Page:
The path of this history of the Royal Navy, running as it does from the destruction of the Spanish Armada to the convoy battles to support and succour Malta during the Second World War, has but a short time to linger on the personalities of the men who strode the bridges, gun-decks and wardrooms of the Fleets which sailed through the mists of British history, singling out a few of the men whose sacrifice, blood and lives were laid down for Crown and Country. The one area which is not covered except in a brief outline is the story of “The Forgotten Fleet”, when a fleet of over six hundred Royal Navy ships and support craft fought alongside the Americans in the Pacific, fighting against a Japanese military machine which had to be destroyed, because it’s leaders could not imagine the thought of surrender!

To read the book is worth the effort, because it really does remind us that Britain is still an Island nation, and we depend upon the sea for trade, food and transport. We should never ever forget that nations which are supposedly firm allies now, were in the business of trying to kill us all just over fifty years ago, and that is but a stitch in the tapestry of history. Politicians might sign great pledges of friendship, but it might be a wiser move to remember the words of an anonymous deck officer of the British Navy in Napoleonic times, who said, “Treaties are fine, but seamanship and dry powder are better!”

Warfare, ancient and modern, has always been intensely personal. From the archers of Agincourt firing against the armored knights of mediæval France, from the seventeenth-century Chinese armorer engaged in the sighting, loading and firing of a cannon to the tank-gunner seated in an Abrams turbine-driven 69 tonne tank, aiming his 120mm. rifled, laser-aimed artillery piece whilst moving through the Iraqi desert at forty miles per hour; the weapons have always been the subject of design. How easy is it (the weapon) to hold or fire? Can it be made more accurate, can it be manufactured more quickly. In all of modern warfare, there has only been one weapon and one soldier which alone retains the ability to strike fear into not only the enemy, but also his own fellow soldiers; it is the long super-accurate rifle operated by the sniper. Brought into modern times during the trench warfare of the 1914-18 war, with the sniper teams worming their way into no-man’s-land before the break of day to gain that split-second advantage over their German foe, who was attempting exactly the same in reverse, the legends grew. They lived on in the wastes of Stalingrad, where Zaitsev stalked Thorwald through the tangles of the bombed and burnt-out factories; and they live on still in the pages of Gerald Seymour’s novel ‘Holding the Zero’!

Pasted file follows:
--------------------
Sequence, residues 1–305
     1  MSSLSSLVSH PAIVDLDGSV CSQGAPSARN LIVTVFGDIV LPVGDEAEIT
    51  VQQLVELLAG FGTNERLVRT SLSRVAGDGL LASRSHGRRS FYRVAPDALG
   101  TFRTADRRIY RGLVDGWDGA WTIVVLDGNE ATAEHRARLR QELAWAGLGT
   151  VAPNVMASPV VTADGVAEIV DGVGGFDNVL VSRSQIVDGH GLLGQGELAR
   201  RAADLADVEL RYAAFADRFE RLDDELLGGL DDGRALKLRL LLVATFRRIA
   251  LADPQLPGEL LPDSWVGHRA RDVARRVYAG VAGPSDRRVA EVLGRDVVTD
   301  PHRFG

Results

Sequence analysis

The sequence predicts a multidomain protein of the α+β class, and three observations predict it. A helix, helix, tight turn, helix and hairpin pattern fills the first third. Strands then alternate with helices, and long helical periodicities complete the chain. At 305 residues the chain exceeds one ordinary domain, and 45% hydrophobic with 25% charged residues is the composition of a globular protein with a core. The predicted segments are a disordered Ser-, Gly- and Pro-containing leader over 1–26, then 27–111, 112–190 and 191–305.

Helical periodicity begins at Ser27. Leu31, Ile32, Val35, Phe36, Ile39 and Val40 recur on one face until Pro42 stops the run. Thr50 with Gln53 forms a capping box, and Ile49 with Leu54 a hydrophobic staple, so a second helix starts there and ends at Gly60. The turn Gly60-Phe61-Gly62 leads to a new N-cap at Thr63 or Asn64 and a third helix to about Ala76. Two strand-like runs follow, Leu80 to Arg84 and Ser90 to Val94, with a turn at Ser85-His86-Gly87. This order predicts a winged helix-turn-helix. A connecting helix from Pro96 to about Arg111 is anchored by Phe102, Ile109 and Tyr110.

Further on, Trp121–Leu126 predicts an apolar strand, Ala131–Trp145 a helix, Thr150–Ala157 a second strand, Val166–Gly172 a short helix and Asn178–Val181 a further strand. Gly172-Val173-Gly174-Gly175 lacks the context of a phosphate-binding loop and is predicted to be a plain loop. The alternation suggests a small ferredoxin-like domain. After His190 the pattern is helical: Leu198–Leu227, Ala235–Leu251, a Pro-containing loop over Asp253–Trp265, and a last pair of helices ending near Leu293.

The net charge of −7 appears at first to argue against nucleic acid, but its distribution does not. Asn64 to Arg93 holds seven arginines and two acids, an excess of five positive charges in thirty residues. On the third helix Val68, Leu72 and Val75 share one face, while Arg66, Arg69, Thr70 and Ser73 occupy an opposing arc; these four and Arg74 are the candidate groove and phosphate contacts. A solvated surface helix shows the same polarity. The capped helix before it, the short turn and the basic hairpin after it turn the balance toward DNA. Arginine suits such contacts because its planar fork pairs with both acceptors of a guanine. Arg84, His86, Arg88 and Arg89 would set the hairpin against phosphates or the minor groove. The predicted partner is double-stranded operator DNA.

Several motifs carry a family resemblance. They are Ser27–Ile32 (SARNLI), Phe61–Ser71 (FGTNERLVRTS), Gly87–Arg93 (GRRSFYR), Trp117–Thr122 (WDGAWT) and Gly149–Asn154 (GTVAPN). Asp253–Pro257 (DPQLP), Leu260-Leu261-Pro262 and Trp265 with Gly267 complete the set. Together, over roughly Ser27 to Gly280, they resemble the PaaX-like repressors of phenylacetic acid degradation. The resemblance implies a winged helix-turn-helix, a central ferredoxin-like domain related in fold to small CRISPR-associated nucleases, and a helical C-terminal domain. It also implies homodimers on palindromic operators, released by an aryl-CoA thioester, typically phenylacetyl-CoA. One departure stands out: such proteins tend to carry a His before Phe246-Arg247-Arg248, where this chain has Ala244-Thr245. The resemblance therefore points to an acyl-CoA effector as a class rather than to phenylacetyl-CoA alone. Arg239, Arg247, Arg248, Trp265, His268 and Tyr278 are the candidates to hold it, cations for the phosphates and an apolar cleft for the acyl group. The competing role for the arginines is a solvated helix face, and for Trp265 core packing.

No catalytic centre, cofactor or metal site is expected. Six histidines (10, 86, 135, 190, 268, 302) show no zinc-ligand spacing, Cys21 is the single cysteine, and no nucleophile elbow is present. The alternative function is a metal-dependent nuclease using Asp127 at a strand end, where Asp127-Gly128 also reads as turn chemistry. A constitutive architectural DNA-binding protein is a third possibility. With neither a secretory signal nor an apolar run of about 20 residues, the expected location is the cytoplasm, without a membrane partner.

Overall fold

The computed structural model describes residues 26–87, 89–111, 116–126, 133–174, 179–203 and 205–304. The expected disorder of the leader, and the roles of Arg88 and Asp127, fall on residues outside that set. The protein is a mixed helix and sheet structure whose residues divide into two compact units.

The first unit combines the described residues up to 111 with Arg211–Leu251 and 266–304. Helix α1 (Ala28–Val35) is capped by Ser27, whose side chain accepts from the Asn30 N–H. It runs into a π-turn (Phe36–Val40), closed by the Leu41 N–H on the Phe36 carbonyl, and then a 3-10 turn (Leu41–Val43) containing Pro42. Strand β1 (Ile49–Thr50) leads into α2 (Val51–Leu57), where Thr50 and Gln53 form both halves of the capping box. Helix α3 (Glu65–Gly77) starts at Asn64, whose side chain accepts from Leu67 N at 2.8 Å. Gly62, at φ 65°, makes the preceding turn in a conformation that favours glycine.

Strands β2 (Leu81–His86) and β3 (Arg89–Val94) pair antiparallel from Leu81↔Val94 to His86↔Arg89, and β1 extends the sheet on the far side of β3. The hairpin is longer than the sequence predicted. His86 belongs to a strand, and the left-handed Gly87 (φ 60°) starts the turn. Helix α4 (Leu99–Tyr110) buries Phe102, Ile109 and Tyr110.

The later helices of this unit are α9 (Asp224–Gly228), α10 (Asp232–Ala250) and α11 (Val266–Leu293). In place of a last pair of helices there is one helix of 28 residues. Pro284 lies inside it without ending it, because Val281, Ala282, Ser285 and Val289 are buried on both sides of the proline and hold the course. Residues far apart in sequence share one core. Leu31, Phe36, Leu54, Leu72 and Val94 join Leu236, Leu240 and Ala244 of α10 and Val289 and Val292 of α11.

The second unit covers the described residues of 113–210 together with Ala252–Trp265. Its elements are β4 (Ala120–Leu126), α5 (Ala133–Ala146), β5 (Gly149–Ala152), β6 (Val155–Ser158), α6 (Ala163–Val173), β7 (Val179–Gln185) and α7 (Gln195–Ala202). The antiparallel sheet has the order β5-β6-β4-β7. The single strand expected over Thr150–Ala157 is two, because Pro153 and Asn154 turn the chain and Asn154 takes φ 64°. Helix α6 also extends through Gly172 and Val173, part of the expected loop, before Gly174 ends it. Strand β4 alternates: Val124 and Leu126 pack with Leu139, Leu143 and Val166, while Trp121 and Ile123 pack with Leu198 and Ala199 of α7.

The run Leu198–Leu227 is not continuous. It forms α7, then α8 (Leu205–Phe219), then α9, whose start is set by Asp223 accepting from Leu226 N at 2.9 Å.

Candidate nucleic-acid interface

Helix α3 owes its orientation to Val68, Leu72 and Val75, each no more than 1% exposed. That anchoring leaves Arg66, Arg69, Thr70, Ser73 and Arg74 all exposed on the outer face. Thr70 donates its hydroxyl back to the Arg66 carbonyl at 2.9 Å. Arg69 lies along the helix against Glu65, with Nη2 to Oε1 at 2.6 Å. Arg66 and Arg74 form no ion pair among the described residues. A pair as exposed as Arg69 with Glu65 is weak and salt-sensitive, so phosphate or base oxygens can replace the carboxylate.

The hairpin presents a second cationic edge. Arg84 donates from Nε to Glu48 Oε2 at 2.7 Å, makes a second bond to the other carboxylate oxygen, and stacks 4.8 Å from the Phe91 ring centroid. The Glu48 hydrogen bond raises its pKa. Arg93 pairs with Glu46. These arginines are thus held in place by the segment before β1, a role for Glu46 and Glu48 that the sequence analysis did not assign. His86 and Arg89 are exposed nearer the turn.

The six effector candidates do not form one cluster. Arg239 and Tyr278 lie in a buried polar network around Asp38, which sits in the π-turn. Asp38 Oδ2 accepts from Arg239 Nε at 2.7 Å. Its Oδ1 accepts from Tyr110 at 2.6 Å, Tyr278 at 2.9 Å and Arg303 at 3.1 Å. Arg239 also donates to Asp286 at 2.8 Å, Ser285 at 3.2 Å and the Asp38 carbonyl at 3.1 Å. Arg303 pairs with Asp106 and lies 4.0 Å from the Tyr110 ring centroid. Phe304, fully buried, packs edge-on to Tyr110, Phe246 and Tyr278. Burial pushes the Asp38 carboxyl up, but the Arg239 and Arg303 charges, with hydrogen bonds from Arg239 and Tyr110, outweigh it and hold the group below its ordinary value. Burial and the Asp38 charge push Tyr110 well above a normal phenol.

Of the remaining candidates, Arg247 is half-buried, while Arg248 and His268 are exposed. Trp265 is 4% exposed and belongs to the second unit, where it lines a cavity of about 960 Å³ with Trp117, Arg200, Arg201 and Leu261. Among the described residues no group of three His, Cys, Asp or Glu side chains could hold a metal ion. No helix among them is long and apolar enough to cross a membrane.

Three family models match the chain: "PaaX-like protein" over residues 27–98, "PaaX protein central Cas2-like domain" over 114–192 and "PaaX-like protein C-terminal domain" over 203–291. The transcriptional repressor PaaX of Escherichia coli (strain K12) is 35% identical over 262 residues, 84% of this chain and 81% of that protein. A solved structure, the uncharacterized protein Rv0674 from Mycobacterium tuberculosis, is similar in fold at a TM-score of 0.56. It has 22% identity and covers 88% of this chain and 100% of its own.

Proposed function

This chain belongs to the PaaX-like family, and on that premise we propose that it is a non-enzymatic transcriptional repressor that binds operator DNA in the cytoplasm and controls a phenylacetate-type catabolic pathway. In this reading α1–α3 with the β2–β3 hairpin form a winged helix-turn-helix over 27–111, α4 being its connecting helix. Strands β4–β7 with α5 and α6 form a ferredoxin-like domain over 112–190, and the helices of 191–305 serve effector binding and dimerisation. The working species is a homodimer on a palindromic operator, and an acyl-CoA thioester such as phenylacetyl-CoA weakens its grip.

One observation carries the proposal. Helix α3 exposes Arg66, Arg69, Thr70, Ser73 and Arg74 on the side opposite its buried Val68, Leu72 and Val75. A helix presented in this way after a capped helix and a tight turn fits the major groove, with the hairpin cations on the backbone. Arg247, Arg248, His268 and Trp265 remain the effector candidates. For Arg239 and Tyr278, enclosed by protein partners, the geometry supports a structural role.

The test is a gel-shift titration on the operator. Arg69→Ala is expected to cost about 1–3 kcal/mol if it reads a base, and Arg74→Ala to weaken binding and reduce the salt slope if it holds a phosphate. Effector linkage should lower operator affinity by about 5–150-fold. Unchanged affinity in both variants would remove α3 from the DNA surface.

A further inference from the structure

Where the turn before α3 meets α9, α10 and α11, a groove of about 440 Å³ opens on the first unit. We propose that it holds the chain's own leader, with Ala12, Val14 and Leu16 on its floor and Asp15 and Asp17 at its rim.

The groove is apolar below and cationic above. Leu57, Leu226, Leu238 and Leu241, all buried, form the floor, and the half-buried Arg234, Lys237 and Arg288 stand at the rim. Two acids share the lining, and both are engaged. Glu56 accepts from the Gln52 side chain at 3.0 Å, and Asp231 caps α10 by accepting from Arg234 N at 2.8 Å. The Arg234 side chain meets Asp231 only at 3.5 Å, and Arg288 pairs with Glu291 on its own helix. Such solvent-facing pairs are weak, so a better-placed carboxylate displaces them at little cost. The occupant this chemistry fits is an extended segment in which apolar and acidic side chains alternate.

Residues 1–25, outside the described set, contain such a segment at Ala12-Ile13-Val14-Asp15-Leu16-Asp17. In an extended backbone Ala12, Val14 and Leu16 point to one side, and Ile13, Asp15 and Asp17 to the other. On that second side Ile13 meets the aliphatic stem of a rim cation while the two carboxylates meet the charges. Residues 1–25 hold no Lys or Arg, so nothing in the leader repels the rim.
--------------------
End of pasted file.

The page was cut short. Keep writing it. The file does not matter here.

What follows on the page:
This novel, which I have just read once again, produced a new hero, but a hero which cannot speak, except with a sharp ‘crack’, cannot move, except in the arms of the sniper, doesn’t breathe, but dominates the entire sweep of this fantastic novel about a promise made forty years before, and the fulfillment of that promise by the son of the man who made it! Seymour’s hero, a haulage company’s transport manager, who had never been involved with any military endeavor in his life, takes on the awesome responsibility of giving long range support to an Kurdish uprising against the armored might of Saddam Hussein. His hobby was the use and firing of breech-loading rifles, and he had won ‘spoons’ at the various shoots run by his Association. He gains access to an experimental rifle, he receives bush and sniper training from the best of the British Army, all unofficially; he travels towards his destiny by hitching lifts on his company’s trucks; all to answer the call made by a man whom he has never met, but knows intimately, because his father told him all about his friendship with a Kurdish warrior forty years previously. The band he helps is led by a charismatic girl, who shames the ‘peshmerga’ fighters into following a mere woman, and her battles are flushed forward by the rifle, and the sniper who wields it! The ending, which is a duel between two equals, is akin to a ballet but with words instead of music, with the Iraqi army gunner, pressing forward while knowing that he is doomed even if he succeeds in killing his adversary, and the English amateur sniper throwing all his chips on one throw of his deadly dice, comprises some of the best ‘action’ writing it has ever been my privilege to read!

Whichever book you pluck from the shelves, whether to buy or borrow, be it a new book from a new author, or an old favorite to be re-visited, is always an adventure in mind and memory! Please note that I specifically do not say that my choices are those which everyone should follow, or use, or even adhere to; simply that the printed word is truly vast, and to read is to enhance your very being!